The Three Social Media Musketeers Appear In Front Of Congress,,, Again. Lots Of Bluster, Little Action.

This combination of 2018-2020 photos shows, from left, Twitter CEO Jack Dorsey, Google CEO Sundar Pichai, and Facebook CEO Mark Zuckerberg. The CEOs of social media giants Facebook, Twitter and Google face a new grilling by Congress, Thursday, March 25, 2021, one focused on their efforts to prevent their platforms from spreading falsehoods and inciting violence. (AP Photo/Jose Luis Magana, LM Otero, Jens Meyer)

Stop me if you’ve heard this one before. 

Three big tech CEO’s appear virtually before members of Congress to discuss a multitude of things, including Section 230 of the Communications Decency Act, which protects the platforms from liability for what users post. 

Their’s bluster, awkwardness, tough talk, and then nothing happens. 

It’s like a bad sitcom, only this time some of the lawmakers on the committees involved made it sound like action of some sort may actually be on the horizon. 

On the hot seat was Jack Dorsey, CEO of Twitter, Sundar Pichai, CEO of Google, and Mark Zuckerberg, CEO of Facebook. 

There were times in the five-plus hour testimony when things were entertaining. In other words, tense. The politicians seemed to want to get a handle on the time they had with the CEO’s, so they asked them to stick to “yes” or “no” responses to their questions.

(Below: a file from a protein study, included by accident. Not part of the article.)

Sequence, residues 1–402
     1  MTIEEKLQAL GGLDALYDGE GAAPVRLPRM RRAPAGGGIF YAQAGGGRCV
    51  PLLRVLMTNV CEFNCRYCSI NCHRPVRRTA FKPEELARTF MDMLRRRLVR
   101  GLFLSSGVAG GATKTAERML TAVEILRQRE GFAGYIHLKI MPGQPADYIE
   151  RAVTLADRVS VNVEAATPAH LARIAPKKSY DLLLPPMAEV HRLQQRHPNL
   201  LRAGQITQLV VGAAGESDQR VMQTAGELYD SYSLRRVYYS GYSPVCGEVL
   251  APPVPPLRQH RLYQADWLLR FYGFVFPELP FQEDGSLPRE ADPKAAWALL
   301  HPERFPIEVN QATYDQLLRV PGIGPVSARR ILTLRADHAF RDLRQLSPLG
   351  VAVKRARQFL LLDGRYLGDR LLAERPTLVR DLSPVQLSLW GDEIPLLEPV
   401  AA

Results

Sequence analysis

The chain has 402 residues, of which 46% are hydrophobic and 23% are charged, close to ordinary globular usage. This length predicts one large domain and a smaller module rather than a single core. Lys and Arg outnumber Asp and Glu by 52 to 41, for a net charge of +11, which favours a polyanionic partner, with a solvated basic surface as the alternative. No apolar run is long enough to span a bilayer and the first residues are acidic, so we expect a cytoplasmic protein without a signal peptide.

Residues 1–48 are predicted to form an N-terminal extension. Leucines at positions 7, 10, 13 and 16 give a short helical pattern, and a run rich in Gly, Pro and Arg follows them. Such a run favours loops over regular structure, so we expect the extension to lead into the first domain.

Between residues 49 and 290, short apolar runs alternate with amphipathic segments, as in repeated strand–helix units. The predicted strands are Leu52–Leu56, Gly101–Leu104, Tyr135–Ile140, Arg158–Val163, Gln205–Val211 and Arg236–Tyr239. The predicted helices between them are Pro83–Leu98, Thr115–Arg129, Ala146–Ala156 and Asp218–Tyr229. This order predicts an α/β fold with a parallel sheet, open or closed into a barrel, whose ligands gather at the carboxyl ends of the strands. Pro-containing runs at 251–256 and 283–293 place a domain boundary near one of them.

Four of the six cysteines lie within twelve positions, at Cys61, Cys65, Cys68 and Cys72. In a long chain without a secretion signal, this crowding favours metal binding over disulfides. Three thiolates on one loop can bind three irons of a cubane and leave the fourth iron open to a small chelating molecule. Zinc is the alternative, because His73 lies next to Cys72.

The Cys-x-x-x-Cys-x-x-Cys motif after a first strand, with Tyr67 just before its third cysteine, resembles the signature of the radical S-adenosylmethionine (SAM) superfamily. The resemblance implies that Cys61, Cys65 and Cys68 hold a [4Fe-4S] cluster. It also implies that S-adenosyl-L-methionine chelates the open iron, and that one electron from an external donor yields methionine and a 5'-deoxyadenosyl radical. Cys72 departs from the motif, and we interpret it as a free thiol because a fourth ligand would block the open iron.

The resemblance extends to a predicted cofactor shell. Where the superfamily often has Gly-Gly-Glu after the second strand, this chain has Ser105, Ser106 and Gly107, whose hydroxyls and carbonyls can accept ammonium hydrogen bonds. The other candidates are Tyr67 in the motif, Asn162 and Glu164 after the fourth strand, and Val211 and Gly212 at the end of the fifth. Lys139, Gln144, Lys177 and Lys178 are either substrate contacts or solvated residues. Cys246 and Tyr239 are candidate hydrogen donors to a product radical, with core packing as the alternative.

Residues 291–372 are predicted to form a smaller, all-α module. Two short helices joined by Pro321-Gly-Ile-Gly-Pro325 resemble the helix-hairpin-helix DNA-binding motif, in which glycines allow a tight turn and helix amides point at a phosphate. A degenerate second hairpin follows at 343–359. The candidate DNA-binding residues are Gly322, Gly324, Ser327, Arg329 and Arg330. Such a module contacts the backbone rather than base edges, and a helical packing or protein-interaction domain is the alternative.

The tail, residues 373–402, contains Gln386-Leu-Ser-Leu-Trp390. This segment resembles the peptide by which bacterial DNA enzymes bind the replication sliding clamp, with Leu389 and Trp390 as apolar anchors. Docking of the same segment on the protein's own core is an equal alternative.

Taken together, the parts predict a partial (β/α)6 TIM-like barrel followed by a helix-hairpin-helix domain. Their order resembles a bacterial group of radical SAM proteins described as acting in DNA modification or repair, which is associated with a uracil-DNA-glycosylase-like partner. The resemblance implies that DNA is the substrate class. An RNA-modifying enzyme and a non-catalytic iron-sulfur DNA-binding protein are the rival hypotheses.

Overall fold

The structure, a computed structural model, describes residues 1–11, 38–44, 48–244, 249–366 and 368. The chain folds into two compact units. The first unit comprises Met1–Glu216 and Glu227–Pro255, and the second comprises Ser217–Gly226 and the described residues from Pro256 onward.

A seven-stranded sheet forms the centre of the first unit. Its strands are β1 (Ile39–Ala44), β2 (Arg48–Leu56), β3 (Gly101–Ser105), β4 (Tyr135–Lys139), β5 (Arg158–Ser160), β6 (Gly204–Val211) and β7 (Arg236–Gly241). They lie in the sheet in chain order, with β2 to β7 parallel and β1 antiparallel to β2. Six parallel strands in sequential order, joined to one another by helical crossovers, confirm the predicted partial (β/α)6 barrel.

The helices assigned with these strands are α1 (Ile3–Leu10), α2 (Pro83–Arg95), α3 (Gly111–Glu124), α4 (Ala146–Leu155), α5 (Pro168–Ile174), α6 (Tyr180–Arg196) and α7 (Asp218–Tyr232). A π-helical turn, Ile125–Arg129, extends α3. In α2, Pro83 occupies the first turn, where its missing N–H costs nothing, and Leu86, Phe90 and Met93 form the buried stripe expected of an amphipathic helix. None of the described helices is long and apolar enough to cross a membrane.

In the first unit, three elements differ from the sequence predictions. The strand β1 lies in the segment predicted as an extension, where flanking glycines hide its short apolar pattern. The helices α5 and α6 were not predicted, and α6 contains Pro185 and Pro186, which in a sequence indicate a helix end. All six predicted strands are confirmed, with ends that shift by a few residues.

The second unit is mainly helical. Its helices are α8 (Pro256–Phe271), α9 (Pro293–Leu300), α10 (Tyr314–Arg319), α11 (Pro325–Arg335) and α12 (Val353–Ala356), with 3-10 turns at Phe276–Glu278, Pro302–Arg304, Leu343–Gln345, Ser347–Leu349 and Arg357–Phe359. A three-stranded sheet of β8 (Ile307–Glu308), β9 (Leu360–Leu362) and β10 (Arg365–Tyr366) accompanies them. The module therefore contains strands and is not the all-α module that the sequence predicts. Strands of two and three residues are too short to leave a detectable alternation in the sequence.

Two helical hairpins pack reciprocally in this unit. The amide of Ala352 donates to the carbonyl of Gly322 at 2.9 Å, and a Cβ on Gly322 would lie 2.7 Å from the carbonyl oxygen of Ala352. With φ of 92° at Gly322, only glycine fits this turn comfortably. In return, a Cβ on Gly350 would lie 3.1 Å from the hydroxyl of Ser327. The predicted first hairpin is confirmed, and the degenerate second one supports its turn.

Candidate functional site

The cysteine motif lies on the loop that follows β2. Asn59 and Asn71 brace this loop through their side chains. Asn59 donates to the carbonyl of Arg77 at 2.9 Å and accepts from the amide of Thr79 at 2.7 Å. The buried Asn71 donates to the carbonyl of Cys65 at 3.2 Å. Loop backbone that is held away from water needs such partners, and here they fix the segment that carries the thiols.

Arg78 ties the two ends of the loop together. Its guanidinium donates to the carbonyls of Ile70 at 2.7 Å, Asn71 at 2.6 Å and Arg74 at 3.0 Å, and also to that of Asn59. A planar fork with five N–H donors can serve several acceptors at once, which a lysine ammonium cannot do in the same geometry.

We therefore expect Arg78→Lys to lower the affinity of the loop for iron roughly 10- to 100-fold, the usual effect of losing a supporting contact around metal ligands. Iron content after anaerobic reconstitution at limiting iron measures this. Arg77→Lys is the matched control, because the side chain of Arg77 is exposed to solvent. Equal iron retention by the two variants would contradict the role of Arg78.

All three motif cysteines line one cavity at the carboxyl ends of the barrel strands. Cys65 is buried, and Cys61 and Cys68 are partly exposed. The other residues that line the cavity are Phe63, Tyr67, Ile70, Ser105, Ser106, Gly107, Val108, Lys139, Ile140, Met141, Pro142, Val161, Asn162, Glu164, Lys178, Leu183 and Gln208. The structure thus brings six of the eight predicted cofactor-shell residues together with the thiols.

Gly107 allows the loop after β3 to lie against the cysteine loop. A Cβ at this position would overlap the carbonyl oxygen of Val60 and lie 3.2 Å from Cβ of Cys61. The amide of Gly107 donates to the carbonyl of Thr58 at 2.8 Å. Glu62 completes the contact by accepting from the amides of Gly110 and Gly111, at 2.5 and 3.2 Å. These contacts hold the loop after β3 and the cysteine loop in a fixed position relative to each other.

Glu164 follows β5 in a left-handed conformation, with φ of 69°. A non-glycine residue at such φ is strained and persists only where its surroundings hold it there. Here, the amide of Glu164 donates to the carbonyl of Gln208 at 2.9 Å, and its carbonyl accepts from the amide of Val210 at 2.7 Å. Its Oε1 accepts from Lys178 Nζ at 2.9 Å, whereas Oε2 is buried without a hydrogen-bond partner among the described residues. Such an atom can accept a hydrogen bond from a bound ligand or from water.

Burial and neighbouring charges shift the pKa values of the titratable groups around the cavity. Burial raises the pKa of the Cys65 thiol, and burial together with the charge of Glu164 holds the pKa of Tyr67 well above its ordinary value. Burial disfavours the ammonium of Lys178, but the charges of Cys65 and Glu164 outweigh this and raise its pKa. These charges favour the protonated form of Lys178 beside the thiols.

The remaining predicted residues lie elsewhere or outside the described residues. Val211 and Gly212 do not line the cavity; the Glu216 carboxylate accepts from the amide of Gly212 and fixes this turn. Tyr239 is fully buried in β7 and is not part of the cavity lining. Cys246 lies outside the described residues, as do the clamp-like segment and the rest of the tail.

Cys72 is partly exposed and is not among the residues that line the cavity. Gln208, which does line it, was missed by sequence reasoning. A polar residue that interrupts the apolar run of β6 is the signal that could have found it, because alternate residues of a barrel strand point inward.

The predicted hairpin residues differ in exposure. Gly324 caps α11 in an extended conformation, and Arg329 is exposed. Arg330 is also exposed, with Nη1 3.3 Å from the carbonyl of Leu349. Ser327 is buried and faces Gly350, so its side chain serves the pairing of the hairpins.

During one point, Dorsey actually sent out a tweet that appeared to make light of the questioning.  He launched a poll with two options; Yes or No. 

Rep. Kathleen Rice, D-N.Y.. responded by saying “Your multitasking skills are quite impressive.”

A number of the committee members made fools of themselves with their line of questioning or blunders they made. Several had a hard time pronouncing Pichai’s name. 

In an exchange that was so comical/awkward you couldn’t make it up, one lawmaker was confused who he was talking to, and asked Zuckerberg about his family’s use of YouTube. Which happens to be a service owned by his rival from Google. 

Not much was resolved.  At the beginning of the hearing there was some hope for anyone rooting for these CEO’s to be held accountable, and that occurred when a member of Congress from Illinois, Democrat’s Jan Schakowsky launched the hearing by saying “Self-regulation has come to the end of its road.”

Tough talk. Great sound bite, but time will tell if there’s any substantive action.  

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